Recent developments in 2016 presidential eligibility challenges, Part II

For aggregation of coverage, see here.

Last week, the New York State Board of Elections concluded that it lacked jurisdiction to review any challenges to Ted Cruz's qualifications. This should come as little surprise. New York has long viewed its role in ballot access disputes regarding federal qualifications as purely ministerial. After all, Roger Calero, a non-citizen (indeed, a Nicaraguan citizen), has appeared on the presidential ballot multiple times in New York. (The archived webcast is available here.)

Additionally, a new challenge was filed in Pennsylvania state court last week.

Today, a federal judge dismissed a complaint filed in the Eastern District of Arkansas against Mr. Cruz and Marco Rubio. The court found that the voter who filed the suit lacked standing and that voters generally lack standing in such disputes.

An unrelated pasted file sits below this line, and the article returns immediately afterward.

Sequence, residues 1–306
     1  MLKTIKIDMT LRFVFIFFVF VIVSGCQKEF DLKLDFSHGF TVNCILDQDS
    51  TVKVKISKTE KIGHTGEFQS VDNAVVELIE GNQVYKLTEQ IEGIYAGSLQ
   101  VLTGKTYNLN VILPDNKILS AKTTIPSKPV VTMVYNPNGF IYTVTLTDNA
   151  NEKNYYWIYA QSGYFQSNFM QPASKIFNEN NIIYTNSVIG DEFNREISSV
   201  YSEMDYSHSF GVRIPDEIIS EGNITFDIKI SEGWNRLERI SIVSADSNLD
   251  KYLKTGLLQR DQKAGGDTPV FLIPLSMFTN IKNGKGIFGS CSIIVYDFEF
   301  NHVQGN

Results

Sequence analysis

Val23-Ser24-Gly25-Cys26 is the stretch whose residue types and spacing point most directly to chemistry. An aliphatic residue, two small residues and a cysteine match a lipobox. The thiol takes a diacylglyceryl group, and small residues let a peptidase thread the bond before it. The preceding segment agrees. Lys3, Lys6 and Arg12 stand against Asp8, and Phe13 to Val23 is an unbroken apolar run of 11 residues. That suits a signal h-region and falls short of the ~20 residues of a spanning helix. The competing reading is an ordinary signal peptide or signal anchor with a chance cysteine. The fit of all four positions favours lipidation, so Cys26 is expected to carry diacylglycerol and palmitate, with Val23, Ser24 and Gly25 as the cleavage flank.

Finally, this week has a couple of matters pending.

Tuesday, March 1: a Cook County, Illinois judge will continue an earlier hearing regarding the status of a lawsuit that appealed the decision of the state board of elections to permit Mr. Cruz's name on the ballot. The state court judge had appeared inclined to throw out the lawsuit on procedural grounds.

Thursday, March 3: an Albany, New York judge will hear a challenge regarding eligibility. (UPDATE: The hearing was moved from Tuesday to Thursday.)

Friday, March 4: a Broward County, Florida judge will hold a hearing regarding Messrs. Cruz's and Rubio's motions to dismiss.

Earlier coverage:

Part I